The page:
Musik och sport. En analys av musikanvändning, ljudlandskap, identitet och dramaturgi i samband med lagsportevenemang

G5 Doctoral dissertation (article)


Internal Authors/Editors


Publication Details

List of Authors: Kaj Ahlsved
Publication year: 2017
ISBN: 978-952-12-3609-9
eISBN: 9789521236105


Abstract

The aim of this article dissertation is to study the use of music in
sporting contexts. I have primarily focused on practices related to the
use of recorded music during team sporting events in Finland. This is
divided into three interlocking questions: How is music used during team
sporting events to shape and change the soundscape of the event? What
role does the music have in shaping the dramaturgy of the sporting
event? How does music contribute in the construction of local and
national identities, both in and outside the sports arena?



I approach music at sports events as an example of “music in our
everyday life”, by which I refer to music that one has not necessarily
chosen to listen to in situations driven by something other than
listening to music. Viewed from this perspective, music during sporting
events is connected to discussions about the ubiquitous music of our
everyday life.



My research perspective is influenced by the central
ethnomusicological idea of viewing music as culture, which ultimately
implies studying musical practices as well. My research is influenced by
cultural musicology (the cultural study of music), soundscape studies,
and ethnomusicology. These are methodologically connected by fieldwork,
as in experiencing the culture out in the field. I have concentrated on
male teams in ice hockey, football, and pesäpallo (“Finnish
baseball”),which are sports that do not presuppose music, but music
frames the sport in a cultural context. The empirical material analysed
in the dissertation consists of fieldwork diaries, interviews, sound
recordings, and different types of video recordings (own recordings,
tv-broadcasts and YouTube videos); as well as recorded songs, media
texts (books, newspapers, social media etc.), and enquiries.



In the first article ”Det är hemmaplansfavör!” Strukturerna i tre
sporters ljudlandskap studerade ur ett hi-fi/lo-fi–perspektiv [“It is
home-field advantage!” The structures of three sports soundscapes
studied from a hi-fi/lo-fi–perspective] I study the structures of three
sports soundscapes, namely ice hockey, football, and pesäpallo, by
applying central soundscape theories from R. Murray Schafer (1977) and
Barry Truax (1984) on my own empirical material.



The second article Let’s play hockey. Ishockeymusikens funktioner
[Let’s play hockey. The functions of ice hockey music] is an analysis of
the functions of ice hockey music. The material used in the article is
the result of fieldwork during ice hockey teams HIFK’s, Jokerit’s, and
HC TPS’s home games.



In the third article The cultural practice of localizing mediated
sports music I study mediaization processes, such as the practices and
processes that facilitate the localization of media disseminated music.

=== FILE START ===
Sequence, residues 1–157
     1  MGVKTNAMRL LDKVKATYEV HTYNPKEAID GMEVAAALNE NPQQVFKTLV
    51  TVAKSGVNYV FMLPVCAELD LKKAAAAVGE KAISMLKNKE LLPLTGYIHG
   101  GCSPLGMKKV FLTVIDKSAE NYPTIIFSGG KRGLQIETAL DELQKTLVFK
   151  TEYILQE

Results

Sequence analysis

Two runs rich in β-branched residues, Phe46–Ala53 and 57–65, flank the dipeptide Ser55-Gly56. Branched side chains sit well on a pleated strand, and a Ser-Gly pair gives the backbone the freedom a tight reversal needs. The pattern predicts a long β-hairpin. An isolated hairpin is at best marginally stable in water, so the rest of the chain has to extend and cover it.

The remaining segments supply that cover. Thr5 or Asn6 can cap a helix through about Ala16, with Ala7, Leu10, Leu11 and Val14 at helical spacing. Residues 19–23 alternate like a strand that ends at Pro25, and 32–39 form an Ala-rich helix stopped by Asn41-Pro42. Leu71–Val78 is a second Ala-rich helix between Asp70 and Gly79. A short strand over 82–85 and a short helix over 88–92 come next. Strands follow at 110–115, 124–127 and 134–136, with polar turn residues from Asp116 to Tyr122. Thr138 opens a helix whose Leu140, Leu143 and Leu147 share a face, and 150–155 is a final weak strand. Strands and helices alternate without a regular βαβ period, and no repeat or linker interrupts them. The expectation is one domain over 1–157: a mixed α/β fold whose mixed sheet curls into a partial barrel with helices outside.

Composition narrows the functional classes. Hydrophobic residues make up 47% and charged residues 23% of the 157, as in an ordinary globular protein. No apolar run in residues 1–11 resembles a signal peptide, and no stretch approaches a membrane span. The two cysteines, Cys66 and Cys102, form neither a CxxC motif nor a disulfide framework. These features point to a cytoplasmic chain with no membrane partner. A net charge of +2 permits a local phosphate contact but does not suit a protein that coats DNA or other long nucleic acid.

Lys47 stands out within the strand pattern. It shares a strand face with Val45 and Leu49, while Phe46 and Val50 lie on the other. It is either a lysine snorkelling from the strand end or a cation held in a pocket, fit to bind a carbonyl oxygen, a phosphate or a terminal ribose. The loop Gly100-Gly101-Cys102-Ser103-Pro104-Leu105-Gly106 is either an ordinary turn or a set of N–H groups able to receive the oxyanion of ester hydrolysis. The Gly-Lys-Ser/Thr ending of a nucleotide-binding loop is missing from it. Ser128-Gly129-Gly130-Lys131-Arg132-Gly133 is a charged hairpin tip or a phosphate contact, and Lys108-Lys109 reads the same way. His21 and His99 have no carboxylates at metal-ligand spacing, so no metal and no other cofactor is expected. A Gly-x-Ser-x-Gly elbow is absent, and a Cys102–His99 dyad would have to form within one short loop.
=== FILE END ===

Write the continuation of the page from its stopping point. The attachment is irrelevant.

The material for the study comes from many sporting contexts and via
unique material on the use of marching music I shed light on how old
military marches are ascribed new meanings within the context of
Ostrobothnian football culture.



In the fourth article Musik, ishockeylejon och konstruerandet av en
nationell gemenskap [Music, ice hockey lions, and the construction of a
national community] identity construction is studied from a national
perspective. I study the music culture related to the Finnish national
men’s ice hockey team and argue that the national team represent an
imagined community. The use of music, particularly the new music that is
produced preceding the men’s World Championships, is viewed as a form
of banal nationalism that makes the nation present in everyday life.



My research shows that the problematization of so-called ubiquitous
music, which in earlier research has been discussed in relation to
active and passive listening, is in sporting contexts supplemented by
yet another complex aspect. The use of music, played by sport DJs, in
sporting contexts does not only strive to make the soundscape more
pleasant, the aim of the music can also be to activate the audience to
make own sound. In sporting contexts there can exist culturally
meaningful rituals which are carried out to the music and are connected
with identity construction. The music of the sports arena does not
merely reflect, rather, it can support the construction of identities,
as it becomes a part of cultural practices in local or national sporting
communities.



TV-productions often focus on fans and supporters, which play the
ideal role that supporters are supposed to act out. The audience
behaviour and sound not only creates the atmosphere of the event but
also authenticates the event as something great, important, and deeply
engaging. While the study shows how the sounds created by the audience
and the audience’s active participation are important for the atmosphere
of the event this is not solely unproblematic since it also includes
playing more music, which in worst case scenarios can cause cacophonic
situations.


Keywords

cultural musicology, musicology

Last updated on 2019-13-11 at 04:33